The Montezuma-Cortez School District Re-1 is rolling out security upgrades for the coming school year.
The upgrades come after the district applied for and received two state grants totaling about $440,000.
“Everything in education seems like it’s encompassing more things,” said Superintendent Lori Haukeness. “That’s what it is with safety – how do we keep our students safe?”
Earlier this year, the district applied for and received the School Access for Emergency Response and the School Security Disbursement grants.
One of the changes is the Raptor Visitor Management school security system that will be put in place at all campuses. Through the Raptor system, visitors will have to submit their driver’s license at the front desk, which will then perform a sort of background check, screening for sex offenders and notifying staff of child custody violations.
So far, there have not been any instances of someone entering a school without the knowledge of school staff, Haukeness said.
“But there are times that we may have a custody issue and someone may want to come and check out a student that they basically legally aren’t supposed to,” she said. “We keep a paper copy of restraining orders, all of that. The nice thing with this, though, is this is going to be completely automated. And so it will be very quick.”
More details will be shared at Back to School Night, she said.
Cortez schools also recently invested in new radios and a “bridging” system, in which school staff can immediately communicate with first responders from the Cortez Police Department, Cortez Fire Department and Montezuma County Sheriff’s Office.
In terms of physical construction work, several of the district’s elementary schools are being redesigned with safety considerations in mind.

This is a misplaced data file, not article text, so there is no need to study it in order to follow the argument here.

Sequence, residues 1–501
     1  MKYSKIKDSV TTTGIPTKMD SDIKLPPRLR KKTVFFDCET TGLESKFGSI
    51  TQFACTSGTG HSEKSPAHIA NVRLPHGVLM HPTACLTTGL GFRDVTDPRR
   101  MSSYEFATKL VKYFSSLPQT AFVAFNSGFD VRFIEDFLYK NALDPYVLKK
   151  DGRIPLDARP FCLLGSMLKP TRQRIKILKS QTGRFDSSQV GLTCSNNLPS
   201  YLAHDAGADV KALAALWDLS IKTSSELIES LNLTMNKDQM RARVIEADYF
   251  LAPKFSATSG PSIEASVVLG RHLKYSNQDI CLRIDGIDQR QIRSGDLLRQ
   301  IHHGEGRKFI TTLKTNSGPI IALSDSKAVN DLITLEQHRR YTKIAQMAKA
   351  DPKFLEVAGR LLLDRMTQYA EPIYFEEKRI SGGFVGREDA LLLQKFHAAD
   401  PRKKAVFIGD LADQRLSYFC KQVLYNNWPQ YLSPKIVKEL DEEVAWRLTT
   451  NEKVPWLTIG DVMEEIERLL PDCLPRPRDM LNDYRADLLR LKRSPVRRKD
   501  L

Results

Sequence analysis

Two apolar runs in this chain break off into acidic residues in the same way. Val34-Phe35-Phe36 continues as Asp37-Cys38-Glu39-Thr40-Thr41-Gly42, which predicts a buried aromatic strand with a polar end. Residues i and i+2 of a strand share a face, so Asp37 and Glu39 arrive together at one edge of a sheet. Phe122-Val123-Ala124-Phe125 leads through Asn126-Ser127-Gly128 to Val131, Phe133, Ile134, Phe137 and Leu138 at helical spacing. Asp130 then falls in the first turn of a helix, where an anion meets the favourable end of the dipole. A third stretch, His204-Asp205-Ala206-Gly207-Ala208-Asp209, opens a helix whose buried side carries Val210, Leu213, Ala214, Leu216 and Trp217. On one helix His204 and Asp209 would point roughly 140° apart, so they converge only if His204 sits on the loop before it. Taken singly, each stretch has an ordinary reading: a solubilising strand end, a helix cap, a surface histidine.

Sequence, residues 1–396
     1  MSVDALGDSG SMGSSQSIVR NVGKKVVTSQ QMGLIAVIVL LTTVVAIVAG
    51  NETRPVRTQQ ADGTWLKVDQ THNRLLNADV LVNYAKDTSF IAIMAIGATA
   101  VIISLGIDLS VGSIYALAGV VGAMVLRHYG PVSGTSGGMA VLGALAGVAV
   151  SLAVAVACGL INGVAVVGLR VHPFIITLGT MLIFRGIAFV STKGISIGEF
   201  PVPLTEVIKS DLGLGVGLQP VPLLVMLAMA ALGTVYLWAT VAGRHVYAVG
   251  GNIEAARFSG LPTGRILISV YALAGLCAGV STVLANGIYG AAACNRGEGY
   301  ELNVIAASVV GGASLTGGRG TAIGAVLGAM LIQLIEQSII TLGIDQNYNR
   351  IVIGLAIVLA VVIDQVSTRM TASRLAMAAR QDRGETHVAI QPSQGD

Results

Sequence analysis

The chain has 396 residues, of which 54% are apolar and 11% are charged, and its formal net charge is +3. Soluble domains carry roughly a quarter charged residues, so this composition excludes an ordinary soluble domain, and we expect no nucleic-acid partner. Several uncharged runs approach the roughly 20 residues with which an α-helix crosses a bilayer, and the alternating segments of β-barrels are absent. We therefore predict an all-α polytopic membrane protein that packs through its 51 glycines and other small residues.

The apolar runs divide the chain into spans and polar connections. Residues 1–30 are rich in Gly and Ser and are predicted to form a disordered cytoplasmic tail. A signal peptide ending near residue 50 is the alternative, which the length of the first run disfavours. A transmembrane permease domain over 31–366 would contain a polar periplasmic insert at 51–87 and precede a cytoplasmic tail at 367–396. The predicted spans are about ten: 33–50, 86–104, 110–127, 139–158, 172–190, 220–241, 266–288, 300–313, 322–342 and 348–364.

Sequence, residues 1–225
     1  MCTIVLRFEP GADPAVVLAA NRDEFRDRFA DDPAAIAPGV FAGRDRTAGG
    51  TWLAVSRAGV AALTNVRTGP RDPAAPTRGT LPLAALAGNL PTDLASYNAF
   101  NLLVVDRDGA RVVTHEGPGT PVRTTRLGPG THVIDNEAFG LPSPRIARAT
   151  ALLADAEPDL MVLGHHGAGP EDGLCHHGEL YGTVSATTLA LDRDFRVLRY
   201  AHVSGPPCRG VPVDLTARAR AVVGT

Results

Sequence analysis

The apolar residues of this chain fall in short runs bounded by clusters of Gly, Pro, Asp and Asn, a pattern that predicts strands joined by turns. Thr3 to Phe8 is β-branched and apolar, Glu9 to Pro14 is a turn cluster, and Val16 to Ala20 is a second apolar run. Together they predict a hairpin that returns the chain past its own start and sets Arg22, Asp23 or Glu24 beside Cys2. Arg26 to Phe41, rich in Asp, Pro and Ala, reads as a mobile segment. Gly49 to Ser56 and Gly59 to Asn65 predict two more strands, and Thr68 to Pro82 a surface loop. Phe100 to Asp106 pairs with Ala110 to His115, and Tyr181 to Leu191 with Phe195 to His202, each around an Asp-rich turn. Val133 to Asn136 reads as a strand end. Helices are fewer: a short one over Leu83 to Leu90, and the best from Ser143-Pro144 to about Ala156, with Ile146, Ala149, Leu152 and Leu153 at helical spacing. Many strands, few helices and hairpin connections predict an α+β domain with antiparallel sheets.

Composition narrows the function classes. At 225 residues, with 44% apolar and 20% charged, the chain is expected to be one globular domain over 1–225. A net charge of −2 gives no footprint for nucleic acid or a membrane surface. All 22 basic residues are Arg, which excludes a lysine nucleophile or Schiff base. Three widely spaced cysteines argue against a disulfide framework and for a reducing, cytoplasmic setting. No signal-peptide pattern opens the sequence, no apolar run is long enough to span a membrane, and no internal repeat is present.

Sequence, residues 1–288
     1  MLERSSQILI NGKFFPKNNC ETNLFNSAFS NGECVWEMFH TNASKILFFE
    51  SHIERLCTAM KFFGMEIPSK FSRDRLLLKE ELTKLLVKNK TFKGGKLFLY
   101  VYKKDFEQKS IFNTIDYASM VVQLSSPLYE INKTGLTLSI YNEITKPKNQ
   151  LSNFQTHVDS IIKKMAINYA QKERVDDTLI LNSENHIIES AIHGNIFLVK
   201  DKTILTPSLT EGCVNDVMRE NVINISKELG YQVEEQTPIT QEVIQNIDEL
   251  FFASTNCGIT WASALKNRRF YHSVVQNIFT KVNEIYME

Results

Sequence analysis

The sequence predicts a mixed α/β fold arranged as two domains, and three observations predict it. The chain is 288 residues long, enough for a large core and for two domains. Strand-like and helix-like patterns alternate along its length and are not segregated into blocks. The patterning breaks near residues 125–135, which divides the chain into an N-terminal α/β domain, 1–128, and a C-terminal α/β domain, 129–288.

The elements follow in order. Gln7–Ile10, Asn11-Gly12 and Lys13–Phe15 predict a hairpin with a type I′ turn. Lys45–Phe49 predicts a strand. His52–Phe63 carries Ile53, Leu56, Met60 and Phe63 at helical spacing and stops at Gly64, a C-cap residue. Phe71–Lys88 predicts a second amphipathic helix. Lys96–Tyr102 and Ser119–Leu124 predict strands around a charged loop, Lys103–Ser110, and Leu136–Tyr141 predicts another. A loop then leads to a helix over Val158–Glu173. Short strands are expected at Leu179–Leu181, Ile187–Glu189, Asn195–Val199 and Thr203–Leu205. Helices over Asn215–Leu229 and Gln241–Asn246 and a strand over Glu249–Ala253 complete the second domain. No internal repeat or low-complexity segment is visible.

New entryways and foyers situated in the front of the schools will ensure that office staff can greet and screen all school visitors who come by.
“The elementaries are in the final phases of being remodeled,” said Jamie Haukeness, Kemper Elementary principal and director of maintenance and security, at the July 23 school board meeting.
As part of this final phase, classroom doors at Kemper, Mesa, and Manaugh elementaries are also being upgraded for security.
“These are new fire-rated, solid-core classroom doors that are almost two inches thick and have a much smaller window in them,” Principal Haukeness said in an email to The Journal.
“They will be installed on steel door frames, which will be a dramatic improvement from the previous wooden doorjambs and doors.”
The grant funds, however, can’t be used toward salaries for school resource officers.
Currently, the district has the equivalent of about 1.5 school resource officers, said Superintendent Haukeness.
The Sheriff’s Office also supports the district with a part-time deputy who patrols the outer rural schools.
Moving forward, the district would like to hire additional SROs, Haukeness said.
“The board has voted to go for a mill levy override, and part of the request there is to be able to put a full-time SRO in the middle school, a full-time SRO in the high school,” she said.
“And then have an SRO part-time director to coordinate things.”